I also popped in some white glass urns, plates & compotes, and some cute little blue dessert or martini glasses - or maybe they are candleholders? A few blue glass mason jars are still here. too! I made two embellished bottles of beads & buttons, as well.
Then I made some paper packs - this time I did them in rolls, since I had some pretty vintage & new papers to use. I included some of the 1880's hymnal music I found, too, along with blue vintage lace and a seashell.

On the other side, Bob hung a white chandelier - it's ceramic & metal, all painted white, and has white shades with sparkly crystal beaded trim. WOW did it light up the corner! The scrolly mirror is back behind the table now - really adds to the light effect. (Looking at this photo, I need to add more twinkle lights under the table...looks like a black hole!)

Some new plaster urns and a bevy of white-painted baroque-style accents are in, too, as well as some beachy basket totes under the table. I hope the ladies who gather in Snohomish on Saturday for the 'Victoria meet-up' like it!

I really love this soft white-tan-cream beachy look, and actually had planned to put all this stuff into our Cottage for our summer decor. Nope! Mr. Bob was so taken with that black bar/Victrola cabinet that didn't sell in Reno that he talked me into re-decorating the house in black, tan, & white. So we did, and we both really like the kind of mod look it all has. Very different for us! (Then I added lime green to it...not so sure how he feels about that part...)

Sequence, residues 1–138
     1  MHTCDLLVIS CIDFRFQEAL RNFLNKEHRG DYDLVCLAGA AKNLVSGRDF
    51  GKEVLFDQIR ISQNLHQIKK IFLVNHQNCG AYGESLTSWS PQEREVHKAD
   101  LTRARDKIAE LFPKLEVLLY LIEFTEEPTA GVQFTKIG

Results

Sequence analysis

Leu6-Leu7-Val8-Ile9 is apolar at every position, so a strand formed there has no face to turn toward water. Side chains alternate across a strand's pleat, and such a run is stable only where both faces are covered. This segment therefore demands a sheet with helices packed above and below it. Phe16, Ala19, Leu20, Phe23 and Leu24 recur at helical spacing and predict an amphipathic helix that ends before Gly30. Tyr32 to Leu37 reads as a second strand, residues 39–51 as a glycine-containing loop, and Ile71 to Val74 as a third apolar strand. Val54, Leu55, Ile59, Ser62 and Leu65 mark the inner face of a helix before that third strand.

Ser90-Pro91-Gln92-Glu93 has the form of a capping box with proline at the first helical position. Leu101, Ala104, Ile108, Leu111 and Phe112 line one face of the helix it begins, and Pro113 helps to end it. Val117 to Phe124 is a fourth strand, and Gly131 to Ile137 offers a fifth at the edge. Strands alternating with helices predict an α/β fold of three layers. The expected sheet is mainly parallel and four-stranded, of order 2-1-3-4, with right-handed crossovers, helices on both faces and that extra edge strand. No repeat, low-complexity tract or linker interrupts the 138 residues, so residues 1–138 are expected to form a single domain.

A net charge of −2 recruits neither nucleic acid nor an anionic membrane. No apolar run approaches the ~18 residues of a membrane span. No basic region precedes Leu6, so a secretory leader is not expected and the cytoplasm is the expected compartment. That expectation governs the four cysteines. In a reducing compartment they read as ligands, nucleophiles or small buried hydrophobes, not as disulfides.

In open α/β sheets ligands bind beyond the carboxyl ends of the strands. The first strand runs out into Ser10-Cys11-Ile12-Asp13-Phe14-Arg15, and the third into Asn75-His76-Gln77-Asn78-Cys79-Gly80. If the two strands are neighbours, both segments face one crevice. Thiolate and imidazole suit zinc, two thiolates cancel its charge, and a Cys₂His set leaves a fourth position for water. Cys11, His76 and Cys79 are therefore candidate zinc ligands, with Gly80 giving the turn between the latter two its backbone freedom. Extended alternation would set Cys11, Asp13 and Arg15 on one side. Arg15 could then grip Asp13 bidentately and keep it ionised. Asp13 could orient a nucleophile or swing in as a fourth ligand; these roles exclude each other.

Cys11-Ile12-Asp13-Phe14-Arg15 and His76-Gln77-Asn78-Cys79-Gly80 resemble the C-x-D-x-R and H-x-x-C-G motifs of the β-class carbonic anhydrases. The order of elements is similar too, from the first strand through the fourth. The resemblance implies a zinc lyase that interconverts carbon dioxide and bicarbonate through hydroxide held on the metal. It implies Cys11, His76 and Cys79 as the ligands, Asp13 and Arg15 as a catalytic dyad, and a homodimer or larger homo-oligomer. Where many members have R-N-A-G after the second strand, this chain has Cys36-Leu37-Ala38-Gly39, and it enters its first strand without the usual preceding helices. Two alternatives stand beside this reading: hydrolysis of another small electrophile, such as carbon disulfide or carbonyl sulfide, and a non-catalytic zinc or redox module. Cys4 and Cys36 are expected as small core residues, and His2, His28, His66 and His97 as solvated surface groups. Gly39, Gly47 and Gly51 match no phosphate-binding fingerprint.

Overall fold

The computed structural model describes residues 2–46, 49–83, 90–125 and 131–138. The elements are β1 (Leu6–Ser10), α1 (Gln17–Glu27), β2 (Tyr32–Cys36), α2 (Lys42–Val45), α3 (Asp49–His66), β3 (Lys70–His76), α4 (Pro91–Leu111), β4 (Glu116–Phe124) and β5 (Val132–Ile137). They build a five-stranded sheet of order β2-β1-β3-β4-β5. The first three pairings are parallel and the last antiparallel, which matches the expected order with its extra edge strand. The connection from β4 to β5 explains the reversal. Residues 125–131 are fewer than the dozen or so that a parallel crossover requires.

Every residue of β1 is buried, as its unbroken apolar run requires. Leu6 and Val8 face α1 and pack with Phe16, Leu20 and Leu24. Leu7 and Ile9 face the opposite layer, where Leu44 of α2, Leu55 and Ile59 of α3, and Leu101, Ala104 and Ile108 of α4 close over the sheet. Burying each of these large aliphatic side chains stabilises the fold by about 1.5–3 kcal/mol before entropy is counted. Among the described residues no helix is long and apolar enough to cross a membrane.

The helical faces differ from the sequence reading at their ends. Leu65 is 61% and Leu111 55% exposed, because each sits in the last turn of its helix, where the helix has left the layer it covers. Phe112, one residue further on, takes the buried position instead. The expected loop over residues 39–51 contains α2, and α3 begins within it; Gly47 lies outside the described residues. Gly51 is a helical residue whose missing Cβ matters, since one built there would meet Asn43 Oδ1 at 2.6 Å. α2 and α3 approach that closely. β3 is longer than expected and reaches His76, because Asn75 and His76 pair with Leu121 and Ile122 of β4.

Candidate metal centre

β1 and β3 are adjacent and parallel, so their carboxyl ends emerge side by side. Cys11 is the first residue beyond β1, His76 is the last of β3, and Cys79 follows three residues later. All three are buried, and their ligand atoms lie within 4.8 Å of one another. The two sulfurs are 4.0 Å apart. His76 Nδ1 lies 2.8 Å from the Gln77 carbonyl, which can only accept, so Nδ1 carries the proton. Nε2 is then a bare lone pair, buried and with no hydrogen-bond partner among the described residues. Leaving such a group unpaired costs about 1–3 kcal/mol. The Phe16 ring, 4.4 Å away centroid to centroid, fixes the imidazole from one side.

OK now, before you get all freaked out about me re-decorating the whole house each season, remember that we live in a 995 square foot 1924 bungalow, and it doesn't take much or very long to re-decorate it! ;0)

Elements of a Christopher Peacock Kitchen

A sincere "Thank You!" to the Washington Post for including this post in your Blog Watch, July 24th, 2008!

In my quest to revamp my kitchen and pantry, I have studied countless Christopher Peacock Kitchens for inspiration. Because Christopher Peacock limits images which can be copied I was able to locate some of his work via Real Estate listings in Hampton, NY and Greenwich, CT. All the pictures below are from real estate listings which noted that the kitchen was designed by Christopher Peacock.

The signature Peacock White Scullery Kitchen. Counters are carrera marble with a white subway backsplash. Notice the pot filler behind the stove and high arc faucets. The pendant lights are usually hung in twos or threes. These lights are from Circa.

Another signature Peacock white kitchen. Cabinetry is inset and counters are soapstone. This kitchen also has High arc faucets and pot filler. Note that the stove hood design is similar. Also notice the notched corners on the island, both are signature Peacock styles. One interesting feature of this particular kitchen is the sink in the center island. I read an article where Peacock mentioned he does not generally prefer to have a sink in this location. He said he liked the center island sleek and unobstructed.